From Couch to 5 Km in 6 Weeks? Learning to Jog Wasn’t Easy

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Being of sound mind at the age of 42 one would think that I’d have a CLUE when it comes to making decisions right? Well, apparently I have times when my sanity is in question. Case in point: this summer I was invited by Erica Ehm of Yummy Mummy Club (a fantastic online publication which you really should check out!) to be a part of a 100km relay to benefit kids cancer. This was during August, I’d begun jogging again and was up to 2 km  so my logic told me getting up to 5 km within 3 weeks should be a cakewalk.

I was wrong.

Going from the proverbial couch to 5 km within 6 weeks (from when I’d started) was beyond a challenge for me.  As soon as I sent my excited acceptance email I began researching and meeting with my jogging-loving friends who all expressed concern…I guffawed and reassured them that I’d be careful and off I went into training.

Training for me meant jogging 4 times a week, either on the roads or on the treadmill when the humidity was overwhelming. I had a fantastic plan on paper of how I’d increase my distance and reduce my time over the 3 weeks.


If you’re looking into learning to jog, I have one tip for you. Be prepared to battle your inner thoughts!

My biggest battle wasn’t shin splints, exhaustion or technique…it was my self-defeating nature which screamed at me every time I remotely thought about training. From the “I’m too tired to jog tonight” to the “GAWD my feet HURT” with every footfall…my brain was my enemy.

Why don’t people tell you this? Does anyone in the world actually ENJOY jogging?

To me in the beginning it was like torture; the defeating thoughts kicked in within the first kilometer and I’d be mentally exhausted far too quickly. It was all so maddening!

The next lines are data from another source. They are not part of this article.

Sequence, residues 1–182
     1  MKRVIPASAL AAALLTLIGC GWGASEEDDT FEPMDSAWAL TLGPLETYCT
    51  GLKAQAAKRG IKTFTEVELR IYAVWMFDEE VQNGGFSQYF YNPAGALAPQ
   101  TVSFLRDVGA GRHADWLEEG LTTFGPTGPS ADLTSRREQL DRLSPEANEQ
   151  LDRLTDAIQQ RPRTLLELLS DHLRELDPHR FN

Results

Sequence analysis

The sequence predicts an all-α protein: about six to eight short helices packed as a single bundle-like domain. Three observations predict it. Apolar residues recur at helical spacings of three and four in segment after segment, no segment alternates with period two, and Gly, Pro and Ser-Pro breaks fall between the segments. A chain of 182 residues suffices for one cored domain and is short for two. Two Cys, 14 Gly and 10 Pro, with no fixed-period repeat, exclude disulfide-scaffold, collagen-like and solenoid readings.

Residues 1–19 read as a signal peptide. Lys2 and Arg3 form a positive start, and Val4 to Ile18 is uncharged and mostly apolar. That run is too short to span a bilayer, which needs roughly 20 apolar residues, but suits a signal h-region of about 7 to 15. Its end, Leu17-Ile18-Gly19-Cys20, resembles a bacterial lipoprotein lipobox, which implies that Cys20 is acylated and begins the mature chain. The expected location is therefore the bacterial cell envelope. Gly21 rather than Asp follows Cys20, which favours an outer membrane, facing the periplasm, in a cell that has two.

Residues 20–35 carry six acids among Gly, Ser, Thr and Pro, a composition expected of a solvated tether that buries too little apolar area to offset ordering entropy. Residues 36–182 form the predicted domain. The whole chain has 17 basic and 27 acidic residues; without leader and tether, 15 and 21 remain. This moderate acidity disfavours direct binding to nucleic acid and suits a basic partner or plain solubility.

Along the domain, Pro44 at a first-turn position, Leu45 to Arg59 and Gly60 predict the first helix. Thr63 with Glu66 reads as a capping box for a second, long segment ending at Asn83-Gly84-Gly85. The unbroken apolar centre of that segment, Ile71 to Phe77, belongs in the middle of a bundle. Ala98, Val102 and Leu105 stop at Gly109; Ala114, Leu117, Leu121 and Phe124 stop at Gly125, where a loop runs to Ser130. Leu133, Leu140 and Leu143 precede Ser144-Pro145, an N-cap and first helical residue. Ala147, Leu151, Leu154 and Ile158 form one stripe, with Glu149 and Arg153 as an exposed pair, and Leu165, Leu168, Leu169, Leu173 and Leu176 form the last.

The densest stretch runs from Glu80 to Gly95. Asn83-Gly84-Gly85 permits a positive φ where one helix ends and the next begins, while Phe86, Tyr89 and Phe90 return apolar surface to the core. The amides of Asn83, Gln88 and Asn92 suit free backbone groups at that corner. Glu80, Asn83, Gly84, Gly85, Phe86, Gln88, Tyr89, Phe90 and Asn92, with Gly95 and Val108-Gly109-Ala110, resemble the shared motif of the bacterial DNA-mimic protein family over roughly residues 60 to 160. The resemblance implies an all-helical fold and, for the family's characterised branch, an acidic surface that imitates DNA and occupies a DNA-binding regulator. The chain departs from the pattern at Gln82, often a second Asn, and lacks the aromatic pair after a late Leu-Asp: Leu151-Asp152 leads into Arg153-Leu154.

After a week of training, I was becoming really worried that I was in trouble, I was trying to better my health and HAD to get up to my goal time/distance in time for the race!

In a panic, I reached out to a friend who loves running and laid it all out. She shocked me by telling me that she didn’t enjoy running when she began either. She also had the self-defeating chatter in her head and had to face it down.

After chatting with her, I set off with a new mindset. It’s amazing what you can deal with when you’re aware of it and feel equipped. Realizing I had to replace those thoughts, I replace them with a mantra which I consciously repeated when I recognized I was being negative. It was “move those feet, Pump those arms…you’re FIERCE”. Combine that with the music pumping through my headphones and I began to learn to trust my body.

I diverted my attention, learned to feel the rhythm of my body and very quickly jogging began to feel more “normal” and less like torture. In the end I did complete my leg of the relay, albeit slower than I would have liked.

Congrats, @soberjulie for an amazing run! So glad to have had you on the team. #YMCruns #endkidscancer

A photo posted by YummyMummyClubDotCa (@yummymummyclubdotca) on

The true victory wasn’t the distance, the time or a love of jogging but proof again that I CAN change self-destructive patterns in my life if I take it slowly and approach it with informed confidence.

Today I still don’t love the actual act of jogging….I’m far too sloth-like for that. I do however LOVE the feeling after I’m done jogging. My body feels alive, energized and a sense of pride fills me…I’m grateful that I am capable of exercise and encourage everyone to move just a little more each day.


  1. Mary says

    *woohoo* Good for you! Speed doesn’t matter at all! Finishing is the thing. I run…slowly…but I run. It makes me feel so good and positive overall about myself that it is well worth the sore muscles and whatnot:)

  2. Melinda Jana says

    I’m trying to take up running this year and you are right, once you overcome your mind set, it doesn’t seem as hard. I’m going to try it this month and see how far it takes me

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